Poles Apart Page 2

But opinions differ sharply when it comes to the surround-channel speakers. One school of thought argues that surrounds should provide the same precise imaging as the front speakers, while the other argues that the imaging from the surrounds shouldn't be precise at all. If each school had a football team and they played each other, it would be a great game.

The first school (let's call it Monopole U.) believes that the front and surround speakers should be the same. Moreover, because accurate imaging is desired from all of the speakers, they should all be monopoles. Chances are, your front speakers are monopoles (you probably didn't even know that you were an alum of this school, did you?).

The second school (Dipole U.) believes that surround speakers should be specialized designs that don't match the front speakers, at least in terms of design and driver configuration. The dipole design, which reflects the sound from room boundaries, dispersing it all around the listener, is excellent for providing ambience and cues that recreate a sense of acoustic space, but at the expense of precisely placing individual instruments and sound effects.

Sound Decisions Opting for one kind of speaker over the other on theoretical grounds, though, lands you squarely in the surround sound dilemma: the surround channels of movie soundtracks tend to be designed primarily for diffuse effects that create a sense of space, while many music recordings are mixed with specific instruments or vocals placed firmly in one or both of the surround channels. Filmmakers use the surround channels primarily for general sound effects (like helicopter flyovers) and specialized ambient sounds (like the clanks and drones of a submarine interior) to help envelop the listener in an artificial reality. Since film soundtracks are mixed to work best in movie theaters, where several surround speakers are used and people are seated throughout the space, the sounds placed in the surround channels aren't meant to be localized. Because of this, recording engineers almost always use dipole surrounds to mix movie soundtracks.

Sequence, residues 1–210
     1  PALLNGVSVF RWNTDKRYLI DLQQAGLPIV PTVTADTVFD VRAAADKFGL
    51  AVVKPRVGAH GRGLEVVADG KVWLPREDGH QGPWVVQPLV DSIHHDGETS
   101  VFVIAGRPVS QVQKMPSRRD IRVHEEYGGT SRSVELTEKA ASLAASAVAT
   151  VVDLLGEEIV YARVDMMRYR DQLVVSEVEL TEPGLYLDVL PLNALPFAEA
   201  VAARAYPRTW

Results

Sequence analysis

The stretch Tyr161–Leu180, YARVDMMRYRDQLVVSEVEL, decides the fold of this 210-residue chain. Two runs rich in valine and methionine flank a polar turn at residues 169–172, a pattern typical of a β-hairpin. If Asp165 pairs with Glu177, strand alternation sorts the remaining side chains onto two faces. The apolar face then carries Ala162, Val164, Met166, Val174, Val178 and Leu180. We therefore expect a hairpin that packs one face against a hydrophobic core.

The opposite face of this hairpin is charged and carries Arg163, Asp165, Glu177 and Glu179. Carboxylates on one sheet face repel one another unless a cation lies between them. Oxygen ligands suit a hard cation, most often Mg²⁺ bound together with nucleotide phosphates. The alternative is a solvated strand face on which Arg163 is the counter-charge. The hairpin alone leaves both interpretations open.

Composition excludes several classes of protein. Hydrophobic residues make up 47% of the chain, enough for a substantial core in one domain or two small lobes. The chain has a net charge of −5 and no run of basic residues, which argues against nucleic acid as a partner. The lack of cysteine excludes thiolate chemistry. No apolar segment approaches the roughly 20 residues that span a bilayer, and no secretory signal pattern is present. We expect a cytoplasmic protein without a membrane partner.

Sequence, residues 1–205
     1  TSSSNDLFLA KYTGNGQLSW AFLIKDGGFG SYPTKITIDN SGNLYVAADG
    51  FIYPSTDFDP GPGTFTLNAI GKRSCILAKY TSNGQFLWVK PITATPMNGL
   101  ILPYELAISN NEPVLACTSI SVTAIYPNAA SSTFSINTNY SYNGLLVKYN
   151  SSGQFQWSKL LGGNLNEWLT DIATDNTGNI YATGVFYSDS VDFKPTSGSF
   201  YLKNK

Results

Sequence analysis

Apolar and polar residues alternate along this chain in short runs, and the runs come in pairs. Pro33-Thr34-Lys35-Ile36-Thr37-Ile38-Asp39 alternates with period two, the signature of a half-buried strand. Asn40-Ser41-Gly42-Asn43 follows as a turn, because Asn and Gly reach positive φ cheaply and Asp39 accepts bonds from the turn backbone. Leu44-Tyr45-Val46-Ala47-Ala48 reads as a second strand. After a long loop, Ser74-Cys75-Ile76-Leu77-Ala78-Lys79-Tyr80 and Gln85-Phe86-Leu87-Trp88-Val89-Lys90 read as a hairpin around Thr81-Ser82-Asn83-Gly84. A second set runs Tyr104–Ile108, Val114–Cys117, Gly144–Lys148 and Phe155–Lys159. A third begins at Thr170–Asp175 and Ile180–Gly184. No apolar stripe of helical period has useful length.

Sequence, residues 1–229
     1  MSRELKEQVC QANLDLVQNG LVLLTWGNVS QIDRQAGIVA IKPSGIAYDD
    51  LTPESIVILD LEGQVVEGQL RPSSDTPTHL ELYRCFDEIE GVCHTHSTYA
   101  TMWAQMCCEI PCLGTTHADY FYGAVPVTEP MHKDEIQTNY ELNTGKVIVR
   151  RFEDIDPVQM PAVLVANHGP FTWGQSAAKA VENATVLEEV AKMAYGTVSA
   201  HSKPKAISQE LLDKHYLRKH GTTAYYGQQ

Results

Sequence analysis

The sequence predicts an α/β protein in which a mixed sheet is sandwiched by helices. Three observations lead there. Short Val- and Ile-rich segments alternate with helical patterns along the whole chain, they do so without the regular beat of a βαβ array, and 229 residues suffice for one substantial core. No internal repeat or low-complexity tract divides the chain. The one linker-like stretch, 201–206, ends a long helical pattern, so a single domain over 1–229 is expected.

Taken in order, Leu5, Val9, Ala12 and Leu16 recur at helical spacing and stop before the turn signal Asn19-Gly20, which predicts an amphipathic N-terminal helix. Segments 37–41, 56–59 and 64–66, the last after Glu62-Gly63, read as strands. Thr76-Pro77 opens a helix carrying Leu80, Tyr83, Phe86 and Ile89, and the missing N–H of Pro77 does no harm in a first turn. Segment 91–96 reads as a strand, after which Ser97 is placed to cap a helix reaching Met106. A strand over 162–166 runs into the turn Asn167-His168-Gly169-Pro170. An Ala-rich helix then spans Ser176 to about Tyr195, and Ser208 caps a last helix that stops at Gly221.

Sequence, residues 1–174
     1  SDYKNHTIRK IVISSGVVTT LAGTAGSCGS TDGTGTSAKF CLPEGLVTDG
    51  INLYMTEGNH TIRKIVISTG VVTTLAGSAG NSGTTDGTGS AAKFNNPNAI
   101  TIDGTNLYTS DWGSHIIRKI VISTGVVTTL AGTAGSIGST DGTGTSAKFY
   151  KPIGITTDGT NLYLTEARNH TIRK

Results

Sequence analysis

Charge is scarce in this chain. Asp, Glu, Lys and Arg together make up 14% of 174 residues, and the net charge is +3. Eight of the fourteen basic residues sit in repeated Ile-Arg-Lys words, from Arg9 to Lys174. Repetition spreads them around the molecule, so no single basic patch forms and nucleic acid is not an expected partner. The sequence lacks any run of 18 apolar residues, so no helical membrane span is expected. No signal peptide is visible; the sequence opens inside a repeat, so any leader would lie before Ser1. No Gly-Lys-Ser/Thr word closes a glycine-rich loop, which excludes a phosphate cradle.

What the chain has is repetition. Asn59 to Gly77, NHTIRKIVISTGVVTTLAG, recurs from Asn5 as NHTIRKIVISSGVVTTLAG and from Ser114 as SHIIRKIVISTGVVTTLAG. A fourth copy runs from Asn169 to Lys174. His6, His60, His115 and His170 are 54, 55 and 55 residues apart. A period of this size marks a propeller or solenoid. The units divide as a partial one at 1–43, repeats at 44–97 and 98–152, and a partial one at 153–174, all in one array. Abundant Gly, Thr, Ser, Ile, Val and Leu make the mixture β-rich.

Engineers tend to be more ambivalent when it comes to surround sound music recordings, like the ones found on DVD-Audio and Super Audio CD releases. When the intent is to simulate listening in a concert hall, as with most classical music, the surround channels will mainly contain reverberant hall ambience. With pop recordings, however, many engineers see the surrounds as an extension of the palette offered by the front channels. Instruments are often placed in the rear and are meant to be localized in the same way as in the front. So it shouldn't come as a surprise to find out that most surround music mixes are done using monopole surrounds.

Given all of these variables, and two dramatically different approaches to surround sound, what's an audio aficionado to do?